CNBC reported yesterday that up to nine banks will soon be allowed to pay back their TARP loans. JPMorgan has received some $25 billion from the TARP program, has petitioned the government to permit repayment, and will, in all likelihood, be among the banks permitted to do so.
Yet, by a long stretch that is not the end of the government's involvement with JPMorgan. The government stood able and ready to assist the financial sector through probably the most difficult financial crisis since the Depression, and certainly JPMorgan was one of the main beneficiaries of those actions. The $25 billion may no longer be needed now, but it was certainly crucial then to reestablish public confidence and trust in the system and each bank's viability. The ultimate aim was, and is, to permit these banks to function as banks, making it possible for JPMorgan and others to continue lending to business and consumers, unfreezing the credit markets and returning badly needed liquidity to the system. That was what was meant to be, but our banking institutions seem to have lost all ballast to what a bank is meant to be doing and its responsibility to its depositors and the public which in this instance helped it stay alive.
Just last week, a leading source of tanker operations info reported that the good people of JPMorgan hired the good ship, or better put, the VLCC Super Tanker 'Front Queen' for nine months, I repeat nine months, to carry 2 million barrels of heating oil for storage duty off Malta. One is compelled to question how many homes in California, in Michigan, or any where in the United States could have been saved from foreclosure, how many payrolls could have been met with the hundreds of millions poured into an oil trading gambit sitting off the coast of the far distant Mediterranean island of Malta. Is this why JPMorgan is rushing to repay its TARP monies so that its free wheeling ways of the past can proceed without the possibility of TARP constraints.
Our banks' propensity to risk other people's monies, while latching on to the public purse, seems to continue unabated. When a bank such as JPMorgan plays in the oil casino it does so with depositors monies which are guaranteed in part or in whole by our government's Federal Deposit Insurance Corporation. Is that what bank deposits are meant for? Is this a bank fulfilling its banking mandate? And this from a "bank" that has received an implicit guarantee from the government that in case of extremis the taxpayers will bail it out because the alternative would be unthinkable.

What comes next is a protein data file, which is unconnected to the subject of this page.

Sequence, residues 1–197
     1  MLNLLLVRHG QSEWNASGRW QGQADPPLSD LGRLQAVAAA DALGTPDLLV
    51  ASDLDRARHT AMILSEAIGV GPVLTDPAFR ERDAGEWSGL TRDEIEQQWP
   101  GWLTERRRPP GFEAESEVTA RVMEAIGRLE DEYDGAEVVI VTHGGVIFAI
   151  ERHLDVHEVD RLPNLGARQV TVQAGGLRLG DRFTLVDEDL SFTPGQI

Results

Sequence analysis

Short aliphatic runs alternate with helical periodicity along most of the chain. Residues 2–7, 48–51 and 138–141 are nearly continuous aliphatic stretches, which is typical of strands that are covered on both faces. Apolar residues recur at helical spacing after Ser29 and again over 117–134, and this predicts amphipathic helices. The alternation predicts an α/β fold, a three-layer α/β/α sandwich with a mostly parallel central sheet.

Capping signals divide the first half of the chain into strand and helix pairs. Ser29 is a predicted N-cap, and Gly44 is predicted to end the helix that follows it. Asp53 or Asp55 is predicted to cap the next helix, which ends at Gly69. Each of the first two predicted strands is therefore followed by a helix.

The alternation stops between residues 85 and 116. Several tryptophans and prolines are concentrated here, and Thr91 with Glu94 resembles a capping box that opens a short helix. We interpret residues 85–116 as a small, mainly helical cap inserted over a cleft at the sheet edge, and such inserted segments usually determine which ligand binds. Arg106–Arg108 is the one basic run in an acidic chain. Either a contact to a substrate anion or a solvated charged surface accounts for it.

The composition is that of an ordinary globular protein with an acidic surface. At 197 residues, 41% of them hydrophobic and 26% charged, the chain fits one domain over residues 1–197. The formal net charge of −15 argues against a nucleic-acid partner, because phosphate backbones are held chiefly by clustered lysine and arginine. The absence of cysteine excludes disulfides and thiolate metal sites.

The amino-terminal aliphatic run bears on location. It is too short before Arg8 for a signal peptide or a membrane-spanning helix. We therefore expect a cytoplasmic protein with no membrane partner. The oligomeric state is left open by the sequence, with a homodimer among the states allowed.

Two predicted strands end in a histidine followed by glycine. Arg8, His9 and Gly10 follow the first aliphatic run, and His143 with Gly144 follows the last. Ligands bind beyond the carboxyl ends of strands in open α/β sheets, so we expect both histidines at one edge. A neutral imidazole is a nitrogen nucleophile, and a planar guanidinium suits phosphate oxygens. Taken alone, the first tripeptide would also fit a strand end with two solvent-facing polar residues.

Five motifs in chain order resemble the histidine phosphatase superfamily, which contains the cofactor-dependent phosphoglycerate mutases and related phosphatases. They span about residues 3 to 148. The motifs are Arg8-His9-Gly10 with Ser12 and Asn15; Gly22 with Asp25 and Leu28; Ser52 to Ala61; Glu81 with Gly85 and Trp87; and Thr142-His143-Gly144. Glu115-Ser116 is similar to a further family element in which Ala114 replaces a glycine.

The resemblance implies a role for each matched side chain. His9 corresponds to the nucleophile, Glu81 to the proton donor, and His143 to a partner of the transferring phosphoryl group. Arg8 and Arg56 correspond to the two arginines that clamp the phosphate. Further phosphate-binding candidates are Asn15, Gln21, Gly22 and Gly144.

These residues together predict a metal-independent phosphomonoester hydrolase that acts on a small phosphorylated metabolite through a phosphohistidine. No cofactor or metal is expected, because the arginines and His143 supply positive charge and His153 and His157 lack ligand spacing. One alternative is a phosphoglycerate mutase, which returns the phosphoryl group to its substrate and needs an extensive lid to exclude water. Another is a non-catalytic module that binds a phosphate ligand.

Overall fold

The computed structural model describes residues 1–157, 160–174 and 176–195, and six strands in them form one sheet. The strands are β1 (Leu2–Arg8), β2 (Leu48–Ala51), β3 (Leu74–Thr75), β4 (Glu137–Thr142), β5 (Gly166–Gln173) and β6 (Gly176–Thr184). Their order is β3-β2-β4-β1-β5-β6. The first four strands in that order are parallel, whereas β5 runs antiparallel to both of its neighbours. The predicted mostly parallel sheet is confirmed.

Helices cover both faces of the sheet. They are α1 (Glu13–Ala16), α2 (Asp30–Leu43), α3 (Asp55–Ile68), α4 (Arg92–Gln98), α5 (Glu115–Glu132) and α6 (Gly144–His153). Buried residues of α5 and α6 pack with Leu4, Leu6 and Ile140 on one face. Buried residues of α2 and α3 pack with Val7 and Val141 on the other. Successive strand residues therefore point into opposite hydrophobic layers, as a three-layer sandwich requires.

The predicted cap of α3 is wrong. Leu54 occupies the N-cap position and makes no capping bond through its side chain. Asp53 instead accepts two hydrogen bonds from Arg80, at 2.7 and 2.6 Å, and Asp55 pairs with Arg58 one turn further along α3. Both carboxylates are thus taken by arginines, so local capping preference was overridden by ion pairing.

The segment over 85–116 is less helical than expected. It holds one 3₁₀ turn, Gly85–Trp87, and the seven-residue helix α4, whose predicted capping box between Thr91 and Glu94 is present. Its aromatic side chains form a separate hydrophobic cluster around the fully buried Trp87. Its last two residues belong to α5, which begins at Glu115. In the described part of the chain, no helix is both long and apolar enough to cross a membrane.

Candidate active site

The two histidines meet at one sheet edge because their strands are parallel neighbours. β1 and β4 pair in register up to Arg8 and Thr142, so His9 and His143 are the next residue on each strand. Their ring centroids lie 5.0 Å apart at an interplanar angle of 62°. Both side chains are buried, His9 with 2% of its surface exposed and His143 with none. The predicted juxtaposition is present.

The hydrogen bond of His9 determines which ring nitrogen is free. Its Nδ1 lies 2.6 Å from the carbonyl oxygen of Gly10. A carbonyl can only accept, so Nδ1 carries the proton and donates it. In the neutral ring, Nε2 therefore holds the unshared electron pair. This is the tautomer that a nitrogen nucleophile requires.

The very least one can ask is that the bank act as a bank and not as a trading house, making casino like bets that if they go sour, the taxpayers would be expected to pick up the pieces.
By playing the oil game JPMorgan bilks taxpayers twice. First, it is in part their money being played against them, and second by causing them to pay more for their oil, gas and heating oil. The kind of transaction entered into by JPMorgan provides a phony market for oil in that had the physical product entered the marketplace and not been stored away, it would have weighed on the price of oil and heating oil, pushing prices down. It is exactly these moneyed players/speculators who are keeping up a gamed level to oil prices. It is not coincidence, nor certainly not the free hand of the market that has natural gas prices, a commodity that usually trades in tandem with oil, at the cheapest to oil prices since 1992, and with natural gas touching a six year low this April.
It is untenable that banks, whose responsibility it is to provide the liquidity needed by the economy to prosper, use depositors monies to delve into trading of all manner of ancillary risk laden products be it derivatives, "securitized" real estate and residential debt, credit default swaps and on to title shipping documents attaining to cargos of oil, heating oil and soon to be if not already, bananas.
There is nothing wrong with a world-class bank helping in the financing of trade, and that is as it should be. But here the determinants are the competence of the parties to the transaction and their business viability, a determination that banks normally are schooled to make. And in doing so, they provide a healthy measure of oversight to the viability of the trade in question. But when the bank itself becomes the principal, the abyss and the next financial crisis is not far around the corner.
Are our banking regulators truly going to wake up to the profound dangers of the current construct of our banking institutions, or are they too closely aligned with the powers to be to change the ongoing risk fraught structure in a meaningful way!?
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